In 2015, Open Road Alliance conducted a 400-respondent survey designed to look at the frequency of need for contingency funding as reported by Funders and Grantees. The survey was designed to explore the following questions about risk and contingency funding:
How often do projects need contingency funding?
How often are projects granted additional contingency funds?
What policies and procedures are in place to deal with contingencies?
What are the consequences of unfunded requests for the project and for the Funder-Grantee relationship?
The survey data lead to five key findings:
- Disruptions requiring additional funds (i.e., contingency funds) are common and expected. Both Grantees and Funders report that about 1 in 5 projects require contingency funding to bring projects in on time and with full impact.
- It is not a common practice for Funders or Grantees to address these risks before they happen.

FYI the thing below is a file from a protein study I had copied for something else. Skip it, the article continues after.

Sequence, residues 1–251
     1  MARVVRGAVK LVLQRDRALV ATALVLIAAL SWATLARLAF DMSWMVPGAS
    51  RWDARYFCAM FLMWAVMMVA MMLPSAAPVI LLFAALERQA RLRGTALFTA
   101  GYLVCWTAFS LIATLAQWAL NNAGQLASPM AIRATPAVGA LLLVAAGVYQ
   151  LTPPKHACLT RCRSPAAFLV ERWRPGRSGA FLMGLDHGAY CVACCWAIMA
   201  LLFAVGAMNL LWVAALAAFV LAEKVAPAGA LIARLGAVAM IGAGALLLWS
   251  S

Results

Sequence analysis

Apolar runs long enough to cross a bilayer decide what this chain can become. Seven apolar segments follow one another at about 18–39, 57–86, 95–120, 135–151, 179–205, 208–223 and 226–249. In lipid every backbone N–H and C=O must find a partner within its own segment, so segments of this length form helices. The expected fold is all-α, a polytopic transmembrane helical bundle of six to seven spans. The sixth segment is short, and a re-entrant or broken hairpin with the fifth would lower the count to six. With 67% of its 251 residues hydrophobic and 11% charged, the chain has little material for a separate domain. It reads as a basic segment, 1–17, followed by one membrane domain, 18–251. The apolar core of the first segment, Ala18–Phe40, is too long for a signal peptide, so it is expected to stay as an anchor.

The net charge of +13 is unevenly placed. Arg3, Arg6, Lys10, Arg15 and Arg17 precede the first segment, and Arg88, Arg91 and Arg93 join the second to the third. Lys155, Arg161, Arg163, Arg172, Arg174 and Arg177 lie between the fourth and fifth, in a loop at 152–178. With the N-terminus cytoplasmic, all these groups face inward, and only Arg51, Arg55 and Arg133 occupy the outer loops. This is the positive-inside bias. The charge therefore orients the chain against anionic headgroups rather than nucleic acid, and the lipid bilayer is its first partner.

- When contingency funds are needed, most Funders do have the operational and financial capacity to respond. When asked, the majority of Funders do approve additional requests.
- Grantees are hesitant to communicate with Funders about potential obstacles.
- Funders' and Grantees' perceptions regarding the effects of their actions on each other are often misaligned. Specifically, grantees believe that asking for additional funds negatively affects the likelihood of being awarded future grants, while the vast majority of Funders claim such requests have no effect on future decision-making.